With the arrival of summer and the end of the school year, the beaches are filling with people, in a tradition that goes back far more than a century. Beach culture always been central to Newport Beach’s identity. Long before the Newport Harbor Chamber of Commerce issued its first promotional brochure in 1924 depicting a woman… Read More »
Sometimes as the small bungalows that once dominated the area around Sherman Library are replaced by large residences it seems nothing of “old” Corona del Mar survives. Yet amid the new homes are some elements of the past. One of these is the iconic Goldenrod footbridge, which is nearly 90 years old. The bridge over… Read More »
In the 1920s, silent movie production companies often used Newport Beach and the surrounding coastline as backdrops. Unlike the bustling port of Los Angeles, Newport Bay and Catalina had few people and little development, providing excellent natural backdrops for the movies. One silent film, shot largely off Catalina in 1924, was The Sea Hawk, the… Read More »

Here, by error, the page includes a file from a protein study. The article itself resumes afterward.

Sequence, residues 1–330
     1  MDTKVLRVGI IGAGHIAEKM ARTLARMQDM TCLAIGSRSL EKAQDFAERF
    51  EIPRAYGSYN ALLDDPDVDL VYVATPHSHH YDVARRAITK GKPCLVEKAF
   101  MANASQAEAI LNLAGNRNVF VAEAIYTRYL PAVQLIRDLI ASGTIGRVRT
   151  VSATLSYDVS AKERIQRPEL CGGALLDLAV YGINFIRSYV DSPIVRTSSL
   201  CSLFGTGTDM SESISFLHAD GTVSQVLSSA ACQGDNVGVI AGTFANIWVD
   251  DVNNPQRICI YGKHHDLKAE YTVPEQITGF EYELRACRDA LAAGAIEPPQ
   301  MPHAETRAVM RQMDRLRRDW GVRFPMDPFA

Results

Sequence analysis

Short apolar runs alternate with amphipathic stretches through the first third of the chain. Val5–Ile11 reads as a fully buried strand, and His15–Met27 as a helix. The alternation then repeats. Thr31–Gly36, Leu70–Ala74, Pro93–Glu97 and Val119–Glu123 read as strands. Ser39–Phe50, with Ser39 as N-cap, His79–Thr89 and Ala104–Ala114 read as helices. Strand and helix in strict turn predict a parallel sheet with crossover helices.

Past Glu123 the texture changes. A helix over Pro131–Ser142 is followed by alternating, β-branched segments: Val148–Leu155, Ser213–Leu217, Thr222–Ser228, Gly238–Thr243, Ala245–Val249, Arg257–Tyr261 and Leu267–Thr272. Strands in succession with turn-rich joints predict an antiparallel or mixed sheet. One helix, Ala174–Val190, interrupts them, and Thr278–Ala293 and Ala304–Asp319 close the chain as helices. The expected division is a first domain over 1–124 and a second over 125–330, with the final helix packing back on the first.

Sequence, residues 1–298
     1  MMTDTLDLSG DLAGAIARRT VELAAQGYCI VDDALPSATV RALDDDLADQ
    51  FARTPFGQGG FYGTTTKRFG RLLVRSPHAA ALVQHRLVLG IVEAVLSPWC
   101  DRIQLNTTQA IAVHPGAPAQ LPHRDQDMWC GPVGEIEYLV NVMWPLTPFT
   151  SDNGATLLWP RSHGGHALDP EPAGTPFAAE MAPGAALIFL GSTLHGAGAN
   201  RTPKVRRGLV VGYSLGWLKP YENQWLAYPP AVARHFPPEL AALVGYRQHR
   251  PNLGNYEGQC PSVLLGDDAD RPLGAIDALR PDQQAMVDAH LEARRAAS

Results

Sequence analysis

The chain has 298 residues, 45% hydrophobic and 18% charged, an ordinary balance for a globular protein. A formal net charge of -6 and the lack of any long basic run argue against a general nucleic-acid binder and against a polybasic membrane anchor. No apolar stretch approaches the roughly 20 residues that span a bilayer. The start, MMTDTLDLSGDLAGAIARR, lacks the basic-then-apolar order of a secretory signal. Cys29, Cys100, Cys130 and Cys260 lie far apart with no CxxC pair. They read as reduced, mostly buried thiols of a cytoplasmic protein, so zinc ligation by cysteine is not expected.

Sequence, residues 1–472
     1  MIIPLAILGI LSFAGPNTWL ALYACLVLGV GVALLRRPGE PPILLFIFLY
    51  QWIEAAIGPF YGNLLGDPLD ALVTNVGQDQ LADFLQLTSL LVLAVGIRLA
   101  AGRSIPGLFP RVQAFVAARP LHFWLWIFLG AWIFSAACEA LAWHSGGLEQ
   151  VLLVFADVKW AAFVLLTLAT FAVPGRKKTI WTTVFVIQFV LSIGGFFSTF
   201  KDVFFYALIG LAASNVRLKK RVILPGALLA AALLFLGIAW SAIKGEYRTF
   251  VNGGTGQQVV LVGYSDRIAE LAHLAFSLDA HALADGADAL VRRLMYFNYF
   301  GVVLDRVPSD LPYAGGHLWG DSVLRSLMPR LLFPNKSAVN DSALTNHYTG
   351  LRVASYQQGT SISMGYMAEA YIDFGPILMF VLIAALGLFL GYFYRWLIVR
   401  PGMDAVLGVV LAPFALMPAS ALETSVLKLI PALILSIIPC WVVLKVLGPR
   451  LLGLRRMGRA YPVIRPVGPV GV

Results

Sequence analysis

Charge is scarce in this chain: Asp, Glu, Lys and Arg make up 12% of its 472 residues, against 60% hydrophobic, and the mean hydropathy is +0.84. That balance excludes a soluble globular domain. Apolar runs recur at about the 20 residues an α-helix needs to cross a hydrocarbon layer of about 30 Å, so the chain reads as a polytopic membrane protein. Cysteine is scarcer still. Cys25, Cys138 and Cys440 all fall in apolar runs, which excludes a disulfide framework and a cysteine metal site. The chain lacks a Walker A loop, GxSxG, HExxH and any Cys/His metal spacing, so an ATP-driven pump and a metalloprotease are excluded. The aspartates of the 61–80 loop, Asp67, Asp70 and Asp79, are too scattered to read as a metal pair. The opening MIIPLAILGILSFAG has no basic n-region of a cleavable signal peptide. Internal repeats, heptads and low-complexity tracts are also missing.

The oldest structure at Sherman Library & Gardens is a single-room adobe house built by Lawrence and Pauline Lushbaugh in the late 1930s. The Lushbaugh’s story is interesting: the young couple bought a plot of land, and taught themselves how to make fired-adobe brinks to build their own home. Yet if a single element of… Read More »
For the last 50 years, Sherman Library has been collecting valuable historical materials about the history of the Pacific Southwest. One of the strengths of the collection is the history of Newport Beach. For the first time, information about these collections is now available in a Guide to Newport Beach Historical Collections in Sherman Library.
Every day countless people drive on Jamboree Road in Newport Beach without knowing the origin of the street’s name. Today it is hard to image that 45,000 Boy Scouts once camped on the spot now occupied by Fashion Island. But, in 1953, when Irvine Ranch hosted the Third National Jamboree, that was the case. Pamphlet… Read More »